Types of Taxes
Federal Income Tax is a taxation on wages, interest, dividends, business profits, capital gains, rents, royalties, commissions, unemployment benefits, prizes, in some cases social security benefits etc. Requires deduction from paycheck and/or quarterly payments for self employment income. Social Security-- to set up a fund for retirement or disability. Deducted from paychecks and/or paid quarterly by paying the income tax due. At the end of the year self-employed people fill out a Schedule C and SE with their tax return to determine if they owe additional SS taxes, which are paid with the return or by reducing the refund due to the taxpayer. Medicare is to pay for medical insurance for the elderly retired. Usually paid as a portion of social security taxes. State Income Tax-follows the same rules as federal income tax,with certain modifications. For example my home state of NJ does not tax social security or unemployment benefits.
Types of Taxes-- Continued
Disability is a state payroll deduction to fund payments in case of injury. In some states it is mandatory in others voluntary. Unemployment is a state payroll deduction to fund weekly payments when out of work. Property Taxes are usually due to the municipality or county. Pays for local services and schools. Local tax assessor calculates market value of property, and the owner is taxed a percentage of every $100 of value. Sometimes paid through the Mortgage holder. Sale/Use tax.Paid to the state when a taxable item is purchased; added on by the vendor. Business people can be exempt from sales tax if they are not the final user of the product. This requires a filing with the state for sales tax exemption. A use tax comes into play when an item such as a boat or car is bought out of state and not subject to sales tax, but used within a state and therefore subject to a use tax.Usually collected when the owner registers the item in the state for a license.
All taxpayers need to file an annual tax return (usually a 1040) to qualify for a refund and/or to pay additional taxes. There are penalties and interest due for not filing on time. The most common taxpayers who fail to file are those who are undocumented immigrants and/or those who make unreported income. Federal and state fines on not filing returns can be quite heavy. Businesses also have to file returns,and those who collect sales tax must file returns with the state. Also, those who withhold payroll taxes from their workers must report those withholdings and send the money to the federal and state government.There are severe penalties and fines for not doing this.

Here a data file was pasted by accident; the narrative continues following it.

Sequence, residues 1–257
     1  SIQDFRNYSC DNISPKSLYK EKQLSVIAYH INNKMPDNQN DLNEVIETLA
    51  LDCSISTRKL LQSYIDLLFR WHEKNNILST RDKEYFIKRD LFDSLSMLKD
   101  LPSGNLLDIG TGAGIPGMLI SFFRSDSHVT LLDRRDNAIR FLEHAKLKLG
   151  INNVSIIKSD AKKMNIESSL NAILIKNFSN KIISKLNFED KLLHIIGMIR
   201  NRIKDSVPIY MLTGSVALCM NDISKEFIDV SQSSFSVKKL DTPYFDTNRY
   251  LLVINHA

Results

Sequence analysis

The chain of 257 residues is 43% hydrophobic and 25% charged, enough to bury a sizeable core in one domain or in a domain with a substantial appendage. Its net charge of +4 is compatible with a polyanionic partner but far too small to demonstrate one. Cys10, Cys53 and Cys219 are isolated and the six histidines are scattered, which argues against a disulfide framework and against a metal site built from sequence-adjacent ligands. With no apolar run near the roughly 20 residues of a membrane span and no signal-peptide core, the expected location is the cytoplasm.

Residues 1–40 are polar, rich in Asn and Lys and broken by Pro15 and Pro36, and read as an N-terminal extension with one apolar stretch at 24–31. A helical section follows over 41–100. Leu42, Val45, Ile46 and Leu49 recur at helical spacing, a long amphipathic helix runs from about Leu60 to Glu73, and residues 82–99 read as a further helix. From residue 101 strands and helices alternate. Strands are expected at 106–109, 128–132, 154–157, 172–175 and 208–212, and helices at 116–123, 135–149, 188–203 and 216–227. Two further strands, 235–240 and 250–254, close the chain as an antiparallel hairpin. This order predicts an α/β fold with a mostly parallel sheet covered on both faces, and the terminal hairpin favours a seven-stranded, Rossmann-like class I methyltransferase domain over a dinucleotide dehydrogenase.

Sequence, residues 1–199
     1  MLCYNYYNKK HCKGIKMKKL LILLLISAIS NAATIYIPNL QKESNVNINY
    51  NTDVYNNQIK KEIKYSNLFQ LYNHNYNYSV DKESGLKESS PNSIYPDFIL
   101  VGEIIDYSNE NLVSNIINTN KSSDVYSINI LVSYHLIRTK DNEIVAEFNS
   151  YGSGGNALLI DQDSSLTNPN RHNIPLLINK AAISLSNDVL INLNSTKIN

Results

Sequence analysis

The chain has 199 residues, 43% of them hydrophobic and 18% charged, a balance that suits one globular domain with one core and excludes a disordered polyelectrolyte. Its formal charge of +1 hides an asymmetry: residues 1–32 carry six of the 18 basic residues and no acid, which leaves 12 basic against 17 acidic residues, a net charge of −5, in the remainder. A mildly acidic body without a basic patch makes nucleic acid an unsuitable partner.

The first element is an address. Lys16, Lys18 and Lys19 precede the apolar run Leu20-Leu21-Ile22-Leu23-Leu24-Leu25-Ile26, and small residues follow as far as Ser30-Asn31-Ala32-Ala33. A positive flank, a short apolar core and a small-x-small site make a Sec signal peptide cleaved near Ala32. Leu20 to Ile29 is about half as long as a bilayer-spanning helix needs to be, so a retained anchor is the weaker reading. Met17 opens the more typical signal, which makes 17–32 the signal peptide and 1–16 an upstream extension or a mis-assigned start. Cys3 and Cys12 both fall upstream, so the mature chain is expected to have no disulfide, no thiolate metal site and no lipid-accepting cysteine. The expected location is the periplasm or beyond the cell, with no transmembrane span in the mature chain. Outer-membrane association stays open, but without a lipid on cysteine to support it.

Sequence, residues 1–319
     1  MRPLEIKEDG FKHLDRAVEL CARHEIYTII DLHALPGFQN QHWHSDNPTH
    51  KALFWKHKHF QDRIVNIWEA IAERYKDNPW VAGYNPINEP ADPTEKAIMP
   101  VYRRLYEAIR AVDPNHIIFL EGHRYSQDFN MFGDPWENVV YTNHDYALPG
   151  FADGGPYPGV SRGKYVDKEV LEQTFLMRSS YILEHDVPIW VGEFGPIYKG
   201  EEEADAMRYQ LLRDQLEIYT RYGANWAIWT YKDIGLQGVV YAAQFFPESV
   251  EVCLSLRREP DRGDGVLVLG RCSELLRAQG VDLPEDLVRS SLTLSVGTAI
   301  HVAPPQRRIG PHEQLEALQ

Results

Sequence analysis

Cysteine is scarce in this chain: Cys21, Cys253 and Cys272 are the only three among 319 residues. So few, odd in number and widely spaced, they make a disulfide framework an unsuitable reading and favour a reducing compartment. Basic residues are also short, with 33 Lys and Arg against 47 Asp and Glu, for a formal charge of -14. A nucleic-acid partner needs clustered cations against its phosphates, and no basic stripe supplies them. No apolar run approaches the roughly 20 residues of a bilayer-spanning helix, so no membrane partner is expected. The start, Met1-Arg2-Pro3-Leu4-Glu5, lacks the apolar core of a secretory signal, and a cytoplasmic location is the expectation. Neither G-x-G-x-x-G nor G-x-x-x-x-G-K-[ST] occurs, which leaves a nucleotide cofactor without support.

With the IRS, or federal return a taxpayer can receive 1) a letter challenging an aspect of the return, a demand for more tax money or a warning that their return is overdue . Many times this can be resolved with an amended return, and/or payment of the taxes. 2) an audit which can be simple,or full blown with auditors combing through documents. This audit review is best done together with a professional tax preparer. 3) or even a criminal charge. This is very serious and involves the government convinced there is concealed income, incomplete returns, and tax avoidance. This is best resolved with a criminal defense attorney working with a professional tax preparer. State exceptions follow the same procedures. There are similar exceptions to business returns including sales tax challenges.